Like most other Winchester lever actions, a tang peep sight makes a big difference  as far as accuracy is concerned.  I have several original 73's and 76's, some of which are mounted with original Vernier  mid-range tang sights or long range graduated peep sights.  From my experience, they definitely improve accuracy on these rifles.  A standard Lyman adjustable tang peep would work great on a '92 carbine or rifle.

Offline Niederlander

  • American Plainsmen Society
  • Top Active Citizen
  • *
  • Posts: 2245
  • Liked:
  • Likes Given: 0
Re: Why the 1892?
« Reply #14 on: March 11, 2017, 12:55:38 pm »
I've used them and I would agree they help a lot.  I've found, though, when I'm using a rifle at relatively close range the barrel sights are a lot faster when I don't have to be real precise.  For hunting, when the first shot is the only one that usually matters, the tang sights are great.
"There go those Nebraskans, and all hell couldn't stop them!"

Offline PJ Hardtack

  • American Plainsmen Society
  • Top Active Citizen
  • *
  • Posts: 3935
  • Liked:
  • Likes Given: 0
Re: Why the 1892?
« Reply #15 on: March 11, 2017, 08:18:38 pm »
True, but growing up watching all the great 'B' western and TV duster shows, I fell in love with the '92.

But I feel the way you describe about '73s with short stroke kits. They just ain't Cowboy and neither are the people that use them with powder puff loads.

This is not to say they are not good firearms, it is to say they were over used in most movies and films. I grew to dislike them for this reason.
They came about very late within the Cowboy time period considering the other options of the historically firearms correct for the day.
"I won't be wronged, I won't be insulted, I won't be laid a hand on.
I don't do these things to others and I require the same from them."  John Wayne

Offline Niederlander

  • American Plainsmen Society
  • Top Active Citizen
  • *
  • Posts: 2245
  • Liked:
  • Likes Given: 0
Re: Why the 1892?
« Reply #16 on: March 11, 2017, 09:19:28 pm »
Wow!  You opened a can of worms there!  (Personally, I agree with your point on the short stroked '73's, etc.)  Back when I was a member of SASS (#934), people would get all bent out of shape at someone using a '92, or mouse fart loads, etc., because people didn't do it that way back in the "cowboy days".  Those same people would get at least as upset with me if I pointed out no one at that time shot using the modified Weaver stance and cocking with the off hand, either.  We tend to get awfully selective sometimes in what we consider "authentic".  (Not sure what my point is in all this.  I just really like '92's!)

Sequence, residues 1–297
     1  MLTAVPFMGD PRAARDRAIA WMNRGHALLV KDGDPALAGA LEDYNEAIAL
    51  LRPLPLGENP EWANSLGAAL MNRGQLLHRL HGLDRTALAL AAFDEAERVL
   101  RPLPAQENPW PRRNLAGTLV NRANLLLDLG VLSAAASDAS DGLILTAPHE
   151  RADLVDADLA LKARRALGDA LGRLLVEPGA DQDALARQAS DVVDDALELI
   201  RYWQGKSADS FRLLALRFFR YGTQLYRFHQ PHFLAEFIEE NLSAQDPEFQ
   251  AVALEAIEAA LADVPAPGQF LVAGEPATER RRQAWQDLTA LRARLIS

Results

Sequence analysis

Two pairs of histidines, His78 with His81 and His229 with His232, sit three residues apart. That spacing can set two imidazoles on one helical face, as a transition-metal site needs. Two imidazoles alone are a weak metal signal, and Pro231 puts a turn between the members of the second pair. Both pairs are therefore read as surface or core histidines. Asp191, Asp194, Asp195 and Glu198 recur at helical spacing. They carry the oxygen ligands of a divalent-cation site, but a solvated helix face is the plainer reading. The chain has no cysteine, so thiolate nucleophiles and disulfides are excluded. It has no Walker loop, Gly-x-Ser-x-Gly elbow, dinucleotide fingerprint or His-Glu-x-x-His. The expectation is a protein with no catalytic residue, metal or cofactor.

"There go those Nebraskans, and all hell couldn't stop them!"

Offline PJ Hardtack

  • American Plainsmen Society
  • Top Active Citizen
  • *
  • Posts: 3935
  • Liked:
  • Likes Given: 0
Re: Why the 1892?
« Reply #17 on: March 12, 2017, 11:35:08 am »
Yes, it is odd that even back in the day when .44s and .45s were King and we shot REAL loads, most of us shot with two hands ala IPSC. I did as I came into CAS as an IPSC burn out. Then things changed and CAS became IPSC in Cowboy boots, minus the power factor.

Wasn't long that I began to shoot Duelist style when it dawned on me that was the "Cowboy Way".

Happily, our club still favours the .44s and .45s and most of us are shooting Duelist.
"I won't be wronged, I won't be insulted, I won't be laid a hand on.
I don't do these things to others and I require the same from them."  John Wayne

Offline Baltimore Ed

  • Top Active Citizen
  • *
  • Posts: 1299
  • SASS #: 11754
  • Liked:
  • Likes Given: 0
Re: Why the 1892?
« Reply #18 on: March 12, 2017, 01:31:20 pm »
I've never shot cas any way but duelist. Is there another way?
"Give'em hell, Pike"
 There is no horse so dead that you cannot continue to beat it.

Offline PJ Hardtack

  • American Plainsmen Society
  • Top Active Citizen
  • *
  • Posts: 3935
  • Liked:
  • Likes Given: 0
Re: Why the 1892?
« Reply #19 on: March 12, 2017, 04:11:45 pm »
Nope.

Back in the day when the rule book fit into a shirt pocket, under "Equipment Eligibility", it stated - "If John Wayne would use it - it's OK".
That was in the book long after only lip service was paid to the statement. I presume that applied to shooting style as well.

I recall being accused of "gaming" when I declared (yes, we had to declare our loads) that I was shooting 25 grs BP in .44 Spl. cases from my .44 Magnum Ruger Vaquero in the era of one gun.
I got sideways looks for shooting my Marlin 94 carbine in .357, so I bought a B-92 in .44 mag and that was barely acceptable, but more so than the .357 chambering.

Now if someone wants to pay for it, he can shoot several short, non-authentic cartridges in both rifle and pistol. The times and the guns have changed.
"I won't be wronged, I won't be insulted, I won't be laid a hand on.
I don't do these things to others and I require the same from them."  John Wayne

 

SMF spam blocked by CleanTalk

© 1995 - 2020 CAScity.com